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Karvelis v. Constellation Lines S.A.

decided: November 21, 1986.


Appeal from a judgment after a jury verdict in the United States District Court for the Southern District of New York, Robert L. Carter, Judge, finding foreign ship owner and operator liable for negligence under the Jones Act and for unseaworthiness under general maritime law for injuries to foreign seaman that occurred while vessel was in a U.S. port. Affirmed.

Author: Oakes

Before: OAKES, MINER, and MAHONEY, Circuit Judges.

OAKES, Circuit Judge

The operator and owner of a Greek-flag vessel, Constellation Lines S.A. ("Constellation") and Entemar Shipping Co., S.A. ("Entemar") respectively, appeal a judgment after a jury verdict in favor of a Greek seaman, George Karvelis, who was injured while working aboard the vessel Constellation Enterprise. The United States District Court for the Southern District of New York, Robert L. Carter, Judge, entered judgment for $300,000 on Karvelis's claims of negligence under the Jones Act, 46 U.S.C. § 688 (1982), and unseaworthiness under general maritime law. The jury expressly found Karvelis not contributorily negligent. Entemar and Constellation argue on appeal that the district court lacked subject matter jurisdiction, that the identity of any Jones Act employer of Karvelis was a jury question, that only the shipowner, Entemar, could be liable under general maritime law for unseaworthiness, that Judge Carter erroneously charged and failed to charge the jury in connection with contributory negligence, and that there must be a new trial if any of the defendants' directed verdict motions to dismiss the unseaworthiness and negligence claims for insufficient proof should have been granted. We affirm.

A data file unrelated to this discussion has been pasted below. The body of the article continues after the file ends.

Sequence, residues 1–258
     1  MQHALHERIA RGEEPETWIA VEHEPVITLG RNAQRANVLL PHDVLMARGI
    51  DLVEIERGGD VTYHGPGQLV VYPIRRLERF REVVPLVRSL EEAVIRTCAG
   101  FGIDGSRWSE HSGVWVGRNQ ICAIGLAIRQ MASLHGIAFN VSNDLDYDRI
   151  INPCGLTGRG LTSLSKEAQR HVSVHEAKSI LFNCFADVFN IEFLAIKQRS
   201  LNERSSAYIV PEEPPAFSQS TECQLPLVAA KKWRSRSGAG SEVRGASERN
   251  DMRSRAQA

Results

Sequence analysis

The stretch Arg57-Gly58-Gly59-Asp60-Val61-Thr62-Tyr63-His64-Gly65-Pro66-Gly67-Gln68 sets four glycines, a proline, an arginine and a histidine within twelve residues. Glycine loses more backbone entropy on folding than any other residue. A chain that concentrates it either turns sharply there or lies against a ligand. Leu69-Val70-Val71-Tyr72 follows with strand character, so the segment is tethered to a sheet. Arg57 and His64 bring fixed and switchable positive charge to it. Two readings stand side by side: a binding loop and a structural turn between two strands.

Applying the tests laid down by the Supreme Court in Lauritzen v. Larsen, 345 U.S. 571, 97 L. Ed. 1254, 73 S. Ct. 921 (1953), and Hellenic Lines Ltd. v. Rhoditis, 398 U.S. 306, 26 L. Ed. 2d 252, 90 S. Ct. 1731 (1970), the district court looked behind "the facade of the operation," Hellenic Lines, 398 U.S. at 310, 90 S. Ct. at 1734, toward "the actual operational contacts that this ship and this owner have with the United States," id., to hold that there was Jones Act jurisdiction. Karvelis v. Constellation Lines S.A., 608 F. Supp. 966, 971 (S.D.N.Y. 1985). For the reasons stated in Judge Carter's opinion, id. at 968-71, and on the facts set forth therein, we agree that there was subject matter jurisdiction under the Jones Act. While the appellants' brief does not make the suggestion, their oral argument was to the effect that with the changing composition of the United States Supreme Court since the decision in Hellenic Lines, that case and the "operational gloss" it put on the Lauritzen test, 398 U.S. at 308-10, 90 S. Ct. at 1733-34, would not now be credited by the Supreme Court. We decline the exercise. Appellants have pointed to no case, no commentaries, no statutes, and no authorities that would lead us to believe that the Supreme Court has overruled Hellenic Lines sub silentio or would do so were it given the opportunity. Cf. Square D Co. v. Niagara Frontier Tariff Bureau, Inc., 760 F.2d 1347 (2d Cir. 1985) (rejecting the argument that Keogh v. Chicago & Northwestern Railway, 260 U.S. 156, 67 L. Ed. 183, 43 S. Ct. 47 (1922), had been overruled), aff'd, 476 U.S. 409, 106 S. Ct. 1922, 90 L. Ed. 2d 413 (1986).